Liberal like me oppose this.
What’s the second thing that makes for a contemporary liberal?
2. Liberals have absorbed the implications of Darwin and want government to take these implications into serious account.
This might seem like an odd claim, but let me defend it. I have not met with a better definition of what liberalism is and has digested over the past century and a half since Darwin wrote The Origin of Species (1859) than the paragraph below from Jonathan Rauch’s book, Kindly Inquisitors: The New Attacks on Free Thought (Chicago 1993). In the passage, notice evolution’s centrality (57):
Liberalism’s great contribution to civilization is the way it handles conflict. No other regime has enabled large and varied groups of people to set a social agenda without either stifling their members differences or letting conflict get out of hand. Bertrand Russell once said that “order without authority” might be taken as the motto both of political liberalism and of science. If you had to pick a three-word motto to define the liberal idea, “order without authority” would be pretty good. The liberal innovation was to set up society so as to mimic the greatest liberal system of them all, the evolution of life. Like evolutionary ecologies, liberal systems are centerless and self-regulating and allow no higher appeal than that of each to each in an open-ended, competitive public process (a game). Thus a market game is an open-ended, decentralized process for allocating resources and legitimizing possession, a democracy game is an open-ended, decentralized process for legitimizing the use of force, and a science game is an open-ended, decentralized process for legitimizing belief. Much as creatures compete for food, so entrepreneurs compete for business, candidates for votes, and hypotheses for supporters. In biological evolution, no outcome is fixed or final–nor is it in capitalism, democracy, science. There is always another trade, another election, another hypothesis. In biological evolution, no species, however clever or complex, is spared the rigors of competition–nor are the participants in capitalism, democracy, science. No matter who you are, you must conduct your business in the currency of dollars, votes, or criticism–no special fiat, no personal authority.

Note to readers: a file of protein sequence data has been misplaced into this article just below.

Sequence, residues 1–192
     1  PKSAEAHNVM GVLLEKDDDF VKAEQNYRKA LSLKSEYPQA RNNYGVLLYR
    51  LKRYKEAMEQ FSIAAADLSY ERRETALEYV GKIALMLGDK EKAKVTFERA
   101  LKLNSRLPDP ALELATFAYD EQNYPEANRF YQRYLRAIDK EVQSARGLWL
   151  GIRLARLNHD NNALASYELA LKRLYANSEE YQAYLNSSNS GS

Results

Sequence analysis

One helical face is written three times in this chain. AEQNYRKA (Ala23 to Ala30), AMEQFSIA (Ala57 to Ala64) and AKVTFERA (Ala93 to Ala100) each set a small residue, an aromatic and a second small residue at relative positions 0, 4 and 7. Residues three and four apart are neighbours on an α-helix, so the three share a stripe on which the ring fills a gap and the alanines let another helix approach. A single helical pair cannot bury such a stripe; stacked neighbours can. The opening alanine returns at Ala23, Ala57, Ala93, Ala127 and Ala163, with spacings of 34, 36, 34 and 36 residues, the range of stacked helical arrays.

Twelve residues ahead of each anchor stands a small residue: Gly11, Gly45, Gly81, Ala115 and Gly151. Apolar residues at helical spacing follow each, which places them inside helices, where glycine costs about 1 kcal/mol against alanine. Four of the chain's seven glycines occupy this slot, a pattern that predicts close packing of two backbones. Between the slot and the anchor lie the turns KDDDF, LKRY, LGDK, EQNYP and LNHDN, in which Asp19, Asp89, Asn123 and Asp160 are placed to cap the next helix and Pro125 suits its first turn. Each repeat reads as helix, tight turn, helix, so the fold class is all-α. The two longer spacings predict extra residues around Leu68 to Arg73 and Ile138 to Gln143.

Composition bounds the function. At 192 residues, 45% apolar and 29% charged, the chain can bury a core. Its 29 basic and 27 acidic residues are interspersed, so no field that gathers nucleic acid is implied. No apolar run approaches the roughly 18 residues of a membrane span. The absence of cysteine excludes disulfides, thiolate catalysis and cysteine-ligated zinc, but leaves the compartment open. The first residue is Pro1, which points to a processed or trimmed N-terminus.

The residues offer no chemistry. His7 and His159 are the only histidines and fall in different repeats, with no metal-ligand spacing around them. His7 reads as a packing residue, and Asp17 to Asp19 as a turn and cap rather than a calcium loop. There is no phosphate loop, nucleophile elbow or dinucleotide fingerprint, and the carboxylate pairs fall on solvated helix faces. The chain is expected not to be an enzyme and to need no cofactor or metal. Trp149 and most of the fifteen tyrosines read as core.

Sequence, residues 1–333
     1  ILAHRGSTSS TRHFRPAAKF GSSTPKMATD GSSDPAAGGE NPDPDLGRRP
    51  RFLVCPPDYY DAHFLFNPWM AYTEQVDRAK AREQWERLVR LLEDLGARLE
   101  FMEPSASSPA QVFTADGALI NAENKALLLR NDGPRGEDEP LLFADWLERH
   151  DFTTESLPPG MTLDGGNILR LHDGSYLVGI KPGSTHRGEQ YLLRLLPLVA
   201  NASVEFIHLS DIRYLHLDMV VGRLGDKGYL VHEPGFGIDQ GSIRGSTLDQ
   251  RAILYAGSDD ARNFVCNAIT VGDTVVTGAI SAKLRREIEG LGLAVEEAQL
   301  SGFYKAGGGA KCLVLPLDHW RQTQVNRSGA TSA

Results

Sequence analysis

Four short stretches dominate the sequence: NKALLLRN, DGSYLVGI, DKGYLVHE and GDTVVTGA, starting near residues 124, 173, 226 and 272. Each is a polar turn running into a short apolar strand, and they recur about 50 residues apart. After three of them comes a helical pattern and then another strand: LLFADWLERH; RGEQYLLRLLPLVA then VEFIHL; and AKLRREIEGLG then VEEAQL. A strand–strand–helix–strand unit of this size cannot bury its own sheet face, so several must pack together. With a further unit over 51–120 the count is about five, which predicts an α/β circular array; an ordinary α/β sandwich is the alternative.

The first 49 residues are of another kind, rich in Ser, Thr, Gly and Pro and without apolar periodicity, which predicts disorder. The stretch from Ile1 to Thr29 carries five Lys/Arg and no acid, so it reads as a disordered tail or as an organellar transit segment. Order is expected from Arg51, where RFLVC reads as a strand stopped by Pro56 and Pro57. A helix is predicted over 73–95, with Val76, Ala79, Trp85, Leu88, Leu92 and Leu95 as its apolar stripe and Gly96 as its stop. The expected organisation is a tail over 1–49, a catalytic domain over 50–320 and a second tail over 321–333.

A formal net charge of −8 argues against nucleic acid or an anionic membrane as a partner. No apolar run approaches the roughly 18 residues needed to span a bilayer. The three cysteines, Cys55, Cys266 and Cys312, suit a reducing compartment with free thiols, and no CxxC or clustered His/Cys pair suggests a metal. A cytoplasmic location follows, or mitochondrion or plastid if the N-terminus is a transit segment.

Rauch is writing as a libertarian, not a liberal, and as such (to echo the Talmud) his ears do not seem to be hearing what his words are saying. Rauch’s evolution-based libertarianism is always in danger of arriving at Nietzscheanism. Nature, after all, consists of powers in conflict, and, as Nietzsche observed, it is beyond good and evil; it is amoral. Liberals and libertarians–both belonging to the liberal tradition–have absorbed the contingency and competition at the heart of existence that Darwin first made scientifically explicit, but liberals aren’t glib about the wreckage that results. In this sense, liberals are realists: they notice both the creative and destructive powers at work in evolution. They don’t reject competition, but try to ameliorate it in a way consistent with human dignity. They see that human organization entails real trade-offs between growth, liberty, and equality, and they recognize that it is not just the independent shark that bears a successful evolutionary strategy, but also the cooperative bonobo. Liberals thus try to take into account the fact that human beings are evolved tribal primates and not independent swimming predators. And that this world is hard and complicated. And that even Nietzsche could not bear it perfectly, but might have managed to flourish and write a bit more if he’d been enrolled in, say, Obamacare.
EPILOGUE: Here’s how Rudiger Safaranski, in his biography of Nietzsche, concludes his account of Nietzsche’s life:
On January 3, 1889, just after Nietzsche left his apartment [in Turin], he caught sight of a carriage driver beating his horse on the Piazza Carlo Alberto. Nietzsche, weeping, threw himself around the horse’s neck to protect it. He collapsed in compassion with the horse. A few days later, Franz Overbeck came to collect his mentally deranged friend. Nietzsche lived on for one more decade.
Nietzsche’s philosophical history ended in January 1889. Then commenced the other history, the history of his influence and resonance.